I just came across this brief bit about New Century Transportation & Aeronautics Research's (NCTAR) concept for a low sonic boom SST, and it seems rather similar to the compression lift concepts developed for the B-70 supersonic bomber in the late 1950s.
It had wingtips that folded down (see picture, those wing tips are each as big as a Mirage III wing) that contained the shock waves generated off of the inlet and fuselage which increased lift.
This contained the pressure under the aircraft and increased lift and so improved its lift to drag ratio. (It also moved the center of lift forward, reducing trim drag at supersonic speeds, but that's for another post)
It appears taht NCTAR is looking to do the same thing, only with an additional goal of using shock waves and bypass air from the engine to reflect the sonic boom (shock wave) back up to the wing, and hence attenuate the, "Boom."
Basically shock-waves off the engines, which are located in front of the wing keep the boom, and its pressure contained under the wing, increasing efficiency and reducing boom.
A part of this is that the bypass air is not, as is normally the case, ejected radially, but rather from the bottom of the nacelle, further reinforcing the "wall" that contains the shockwave.
It's a nifty concept, though I wander what the trade-offs might be:
With the resurgent interest in supersonic air travel, aircraft designers are looking at different ways to work around the problem of sonic booms. Flying supersonic only over water, or at a low enough Mach number to prevent shockwaves reaching the ground or shaping the airframe to minimize boom strength are all approaches being taken with aircraft now in development.Like I said, kind of nifty, in a B-70 bomber kind of way.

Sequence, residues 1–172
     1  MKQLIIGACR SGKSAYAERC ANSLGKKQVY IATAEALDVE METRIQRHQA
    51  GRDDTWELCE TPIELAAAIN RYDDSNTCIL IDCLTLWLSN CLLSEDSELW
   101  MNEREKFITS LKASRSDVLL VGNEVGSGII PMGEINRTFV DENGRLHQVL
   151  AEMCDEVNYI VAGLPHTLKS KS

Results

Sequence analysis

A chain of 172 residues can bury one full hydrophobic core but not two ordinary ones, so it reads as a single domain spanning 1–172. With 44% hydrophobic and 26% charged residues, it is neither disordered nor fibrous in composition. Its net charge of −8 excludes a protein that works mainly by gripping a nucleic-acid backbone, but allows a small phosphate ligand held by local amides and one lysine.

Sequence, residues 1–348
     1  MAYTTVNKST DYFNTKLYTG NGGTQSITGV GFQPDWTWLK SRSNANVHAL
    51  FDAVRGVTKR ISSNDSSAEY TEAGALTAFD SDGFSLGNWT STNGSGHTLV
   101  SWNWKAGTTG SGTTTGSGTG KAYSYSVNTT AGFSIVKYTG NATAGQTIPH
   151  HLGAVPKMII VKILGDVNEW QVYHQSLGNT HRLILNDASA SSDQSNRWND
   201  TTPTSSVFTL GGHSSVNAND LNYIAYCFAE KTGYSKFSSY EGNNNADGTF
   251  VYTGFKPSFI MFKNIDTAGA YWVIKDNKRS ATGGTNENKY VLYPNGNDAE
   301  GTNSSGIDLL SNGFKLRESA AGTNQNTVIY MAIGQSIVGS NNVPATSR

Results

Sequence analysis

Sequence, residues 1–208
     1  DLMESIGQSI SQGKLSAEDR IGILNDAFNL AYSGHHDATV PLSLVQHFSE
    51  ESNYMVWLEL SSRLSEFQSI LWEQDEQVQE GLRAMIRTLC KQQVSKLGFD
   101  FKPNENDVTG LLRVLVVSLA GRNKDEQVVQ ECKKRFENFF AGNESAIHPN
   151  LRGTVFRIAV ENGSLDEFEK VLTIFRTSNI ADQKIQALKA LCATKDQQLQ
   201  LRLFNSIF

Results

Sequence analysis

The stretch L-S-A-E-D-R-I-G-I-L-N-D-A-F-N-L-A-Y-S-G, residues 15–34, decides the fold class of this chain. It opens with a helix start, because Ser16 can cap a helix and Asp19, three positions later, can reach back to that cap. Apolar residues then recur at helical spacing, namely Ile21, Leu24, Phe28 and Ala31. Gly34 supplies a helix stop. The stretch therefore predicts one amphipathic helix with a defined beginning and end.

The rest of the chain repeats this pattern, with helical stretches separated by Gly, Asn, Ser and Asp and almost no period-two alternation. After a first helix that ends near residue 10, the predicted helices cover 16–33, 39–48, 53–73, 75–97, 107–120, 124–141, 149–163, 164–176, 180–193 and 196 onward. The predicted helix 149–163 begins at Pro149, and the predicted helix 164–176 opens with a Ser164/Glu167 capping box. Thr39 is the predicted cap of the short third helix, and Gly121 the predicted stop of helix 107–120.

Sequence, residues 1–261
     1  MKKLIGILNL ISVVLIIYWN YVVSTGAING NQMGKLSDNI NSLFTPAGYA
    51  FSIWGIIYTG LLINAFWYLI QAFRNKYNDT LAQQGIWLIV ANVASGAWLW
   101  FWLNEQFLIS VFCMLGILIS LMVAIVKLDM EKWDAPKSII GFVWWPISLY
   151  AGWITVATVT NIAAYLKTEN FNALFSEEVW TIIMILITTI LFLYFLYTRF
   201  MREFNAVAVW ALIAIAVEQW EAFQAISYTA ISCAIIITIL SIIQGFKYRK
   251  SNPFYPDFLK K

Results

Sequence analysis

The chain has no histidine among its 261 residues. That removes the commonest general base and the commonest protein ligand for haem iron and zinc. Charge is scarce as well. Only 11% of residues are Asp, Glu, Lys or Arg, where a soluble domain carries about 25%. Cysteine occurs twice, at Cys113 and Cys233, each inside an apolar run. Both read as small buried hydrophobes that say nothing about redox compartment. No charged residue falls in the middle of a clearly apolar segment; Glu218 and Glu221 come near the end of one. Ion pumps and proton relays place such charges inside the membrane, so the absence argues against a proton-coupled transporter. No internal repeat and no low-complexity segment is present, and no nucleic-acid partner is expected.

U.S. startup New Century Transportation & Aeronautics Research (NCTAR) has patented (U.S. patent 10,618,638) a different approach: use the engines and their exhaust plumes to reflect and attenuate the shockwaves from the wing and so reduce the sonic boom reaching the ground.
In NCTAR’s concept, the engines are located ahead of a wing that is curved so that, in cruise, the downward-propagating compression waves from the leading edges are focused onto the exhaust plumes. The shockwaves reflect off the shear layer between the freestream airflow and supersonic exhaust plume and back up onto the underside of the wing. This increases pressure under the arched wing and generates additional compression lift to improve supersonic lift-to-drag ratio.
That being said, I really don't see this for commercial airliners, because even with improvements, the aircraft will be less fuel efficient than their subsonic counterparts, but given the current trajectory of our society, I could see something akin to a supersonic version of a Gulfstream private jet come from this.